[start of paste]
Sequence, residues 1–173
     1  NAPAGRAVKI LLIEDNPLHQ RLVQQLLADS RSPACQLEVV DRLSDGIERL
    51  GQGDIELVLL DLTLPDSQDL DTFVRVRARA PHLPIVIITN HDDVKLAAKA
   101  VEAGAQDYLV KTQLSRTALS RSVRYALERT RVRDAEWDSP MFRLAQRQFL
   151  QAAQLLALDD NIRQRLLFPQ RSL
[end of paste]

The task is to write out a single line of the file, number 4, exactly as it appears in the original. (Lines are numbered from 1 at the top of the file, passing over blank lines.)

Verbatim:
   101  VEAGAQDYLV KTQLSRTALS RSVRYALERT RVRDAEWDSP MFRLAQRQFL